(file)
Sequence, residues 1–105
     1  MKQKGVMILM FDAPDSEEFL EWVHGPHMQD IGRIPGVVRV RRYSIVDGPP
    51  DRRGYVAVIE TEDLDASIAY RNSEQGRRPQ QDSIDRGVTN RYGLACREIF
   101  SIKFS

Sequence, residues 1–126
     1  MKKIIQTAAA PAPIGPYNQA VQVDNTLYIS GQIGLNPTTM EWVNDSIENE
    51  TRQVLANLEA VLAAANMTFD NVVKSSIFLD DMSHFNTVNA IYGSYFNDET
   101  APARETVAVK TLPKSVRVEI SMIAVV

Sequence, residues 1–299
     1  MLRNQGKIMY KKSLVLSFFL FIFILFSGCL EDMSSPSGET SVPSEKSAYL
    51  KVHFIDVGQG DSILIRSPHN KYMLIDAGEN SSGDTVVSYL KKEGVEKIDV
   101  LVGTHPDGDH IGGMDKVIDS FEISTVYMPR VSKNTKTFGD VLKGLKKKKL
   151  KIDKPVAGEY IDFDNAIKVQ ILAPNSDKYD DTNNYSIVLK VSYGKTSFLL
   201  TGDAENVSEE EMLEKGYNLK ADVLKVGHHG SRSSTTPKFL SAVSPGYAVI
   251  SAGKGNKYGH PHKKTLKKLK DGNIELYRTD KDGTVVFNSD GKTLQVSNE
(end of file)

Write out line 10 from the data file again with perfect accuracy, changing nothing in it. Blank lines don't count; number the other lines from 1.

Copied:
     1  MLRNQGKIMY KKSLVLSFFL FIFILFSGCL EDMSSPSGET SVPSEKSAYL